Acts 17 is a fairly famous story of the Apostle Paul. In it, he is in Athens, and goes to the Areopagus, a building in town where people would debate and discuss philosophy and ideas. It was a prestigious and important place, not just in that town, but in the world. It would be something like Yale or Harvard for us today. Great thinkers having great thoughts and debates. Anyway, Paul gives a famous explanation of Jesus and the Gospel in that chapter that is powerful, creative, and moving. It’s often used as a model by modern preachers and teachers in the church. If you haven’t read it, it’s a part of our Amazing Race reading for today, and you really ought to stop right here, grab your Bible, and read it.
As I read that chapter today, I noticed that Paul had been in Athens for days, talking to people on the street corners and in the local churches. He had multiple conversations with anyone who would listen about Jesus. Then, after a while, he was invited to the Areopagus by the people there. I have to admit, I never noticed this detail. I’ve always kind of pictured him hanging out at the Aeropagus, walking around, looking at the statues, and suddenly breaking out into this amazing sermon on his own, and people listening because they were so amazed.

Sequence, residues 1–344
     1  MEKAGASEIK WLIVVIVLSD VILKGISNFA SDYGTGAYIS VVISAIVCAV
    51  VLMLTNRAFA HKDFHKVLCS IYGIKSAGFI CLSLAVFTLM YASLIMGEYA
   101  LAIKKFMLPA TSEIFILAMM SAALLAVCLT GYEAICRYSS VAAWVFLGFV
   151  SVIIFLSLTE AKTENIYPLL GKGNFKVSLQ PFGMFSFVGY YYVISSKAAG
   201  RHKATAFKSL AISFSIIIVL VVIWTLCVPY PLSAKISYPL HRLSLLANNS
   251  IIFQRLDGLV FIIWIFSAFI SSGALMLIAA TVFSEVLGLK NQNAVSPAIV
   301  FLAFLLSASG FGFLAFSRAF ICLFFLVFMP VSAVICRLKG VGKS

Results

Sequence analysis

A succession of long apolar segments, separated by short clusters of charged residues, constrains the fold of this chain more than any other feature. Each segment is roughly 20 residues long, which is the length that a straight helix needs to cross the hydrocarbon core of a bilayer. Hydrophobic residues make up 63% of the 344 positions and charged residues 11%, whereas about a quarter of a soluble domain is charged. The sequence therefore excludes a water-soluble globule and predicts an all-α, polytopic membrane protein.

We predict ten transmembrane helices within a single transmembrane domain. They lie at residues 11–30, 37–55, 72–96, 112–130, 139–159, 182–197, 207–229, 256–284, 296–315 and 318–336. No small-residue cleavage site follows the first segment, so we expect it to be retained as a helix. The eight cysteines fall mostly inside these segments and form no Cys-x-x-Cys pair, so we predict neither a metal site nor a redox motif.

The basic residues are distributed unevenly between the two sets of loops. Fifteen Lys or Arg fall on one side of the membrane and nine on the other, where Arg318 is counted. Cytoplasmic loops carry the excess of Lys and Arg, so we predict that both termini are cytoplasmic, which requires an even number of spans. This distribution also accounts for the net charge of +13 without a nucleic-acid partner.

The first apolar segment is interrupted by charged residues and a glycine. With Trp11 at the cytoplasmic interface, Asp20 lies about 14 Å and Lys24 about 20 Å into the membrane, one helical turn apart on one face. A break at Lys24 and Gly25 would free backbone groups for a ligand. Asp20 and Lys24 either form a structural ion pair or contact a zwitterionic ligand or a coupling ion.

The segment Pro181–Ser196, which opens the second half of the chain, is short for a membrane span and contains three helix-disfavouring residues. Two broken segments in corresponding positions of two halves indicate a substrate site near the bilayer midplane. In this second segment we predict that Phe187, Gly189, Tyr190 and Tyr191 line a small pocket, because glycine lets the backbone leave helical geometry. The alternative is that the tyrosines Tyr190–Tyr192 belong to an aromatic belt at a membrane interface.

That is not what happens. He is asked to come, and speaks out of that invitation. It’s the day-to-day conversations with people in shops and on the bench in the street in the days leading up to this that get him there. He isn’t angling to get to the Areopagus during those conversations. He’s just sharing with anyone he talks to. God opens the door to do the rest on His own.
So, what about us? Are we being faithful to talk to the person on the assembly line next to us? The barista at Starbucks? The kids in our home? The person is 5th period science? Not in a preachy, annoying way. Just talking, asking questions, listening, and being faithful? If we’re not, who is God ever going to send to the “Areopagus” in our lives? We have to be faithful in the day-to-day life stuff to be used beyond.
It tends to lead us to a few questions: Who do you need to talk to today? Are you willing to do it? Will you take the chance?
Paul did, and we’re still talking about it.